Winslow Homer

Winslow Homer began his art career in 1854 or 1855 as an apprentice to J. H. Bufford, a lithographer in Boston. He left two years later to begin free-lance illustration. In 1859 Homer moved to New York, which remained his winter home until the 1880s, and studied for a brief time at the National Academy of Design and with Frederic Rondel. Between 1862 and 1865 he made illustrations of Civil War scenes for Harper's Weekly and turned seriously to landscape painting after the war's close. Homer was elected an associate of the National Academy of Design in 1864 and in the following year a full academician. His first trip abroad came in 1866 and 1867, with ten months spent in France. During the summers of 1868 through 1881, Homer made several trips to the White Mountains, the Adirondacks, and Gloucester, Massachusetts. In 1881 he went to England, staying near Tynemouth, and returned to America late in 1882. The following summer, he settled in Prout's Neck on the coast of Maine, his home thenceforth. After 1884, Homer made hunting and fishing trips in the summers to the Adirondacks or Quebec with his brother and spent part of several winters in Nassau, Bermuda, or Florida.

No examination of the Barbizon mood in American painting can avoid recognition of Homer's singular contribution, despite the fact that his highly selective and independent course of study had only the most oblique connection with the art of the men from Fontainebleau. That Homer numbered among his few friends several admirers of Barbizon art; that he had ample opportunity to study Barbizon painting in Boston, New York, and Paris; that his favorite subjects included American workers on the farm or in seacoast villages, are all facts, but these facts do not adequately explain the peculiar appeal of Homer's special brand of realism. Nevertheless, during the years between his 1867 visit to Paris and his departure for Tynemouth in 1881, Homer executed several small studies of rural life in New England or Normandy that demonstrate a new sense of finesse in his handling of paint and diffused light, as well as an aura of circumspection usually missing in the artist's earlier work. His Two Girls with Sunbonnets in Field [Cooper-Hewitt Museum] from about 1877 is a remarkable achievement in this regard, a work comparable to the portraits of peasant youngsters by Millet that are so often enshrouded in the soft glow of twilight. The earlier Girl with a Pitchfork, [The Phillips Collection] which was probably painted from a Normandy sketch, is a prototype for the heroic fishwoman in many Homers executed much later at Tynemouth and Prout's Neck.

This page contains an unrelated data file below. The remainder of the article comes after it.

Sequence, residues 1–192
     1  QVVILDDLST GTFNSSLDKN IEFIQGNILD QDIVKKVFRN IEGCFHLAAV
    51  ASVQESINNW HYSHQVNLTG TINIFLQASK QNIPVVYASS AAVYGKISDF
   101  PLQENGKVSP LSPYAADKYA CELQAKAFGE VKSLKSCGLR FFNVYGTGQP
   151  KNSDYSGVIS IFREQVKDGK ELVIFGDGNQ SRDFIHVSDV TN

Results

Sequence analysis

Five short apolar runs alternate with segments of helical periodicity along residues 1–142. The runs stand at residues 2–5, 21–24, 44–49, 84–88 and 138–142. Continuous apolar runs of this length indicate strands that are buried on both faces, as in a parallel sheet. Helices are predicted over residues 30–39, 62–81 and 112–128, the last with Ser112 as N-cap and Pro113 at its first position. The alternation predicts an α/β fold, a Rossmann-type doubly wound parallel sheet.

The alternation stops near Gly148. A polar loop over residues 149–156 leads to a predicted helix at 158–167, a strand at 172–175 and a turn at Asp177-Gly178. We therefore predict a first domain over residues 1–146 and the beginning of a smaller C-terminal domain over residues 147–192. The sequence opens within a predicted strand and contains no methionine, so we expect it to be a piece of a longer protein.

Peter Bermingham American Art in the Barbizon Mood (Washington, D.C.: National Collection of Fine Arts and Smithsonian Institution Press, 1975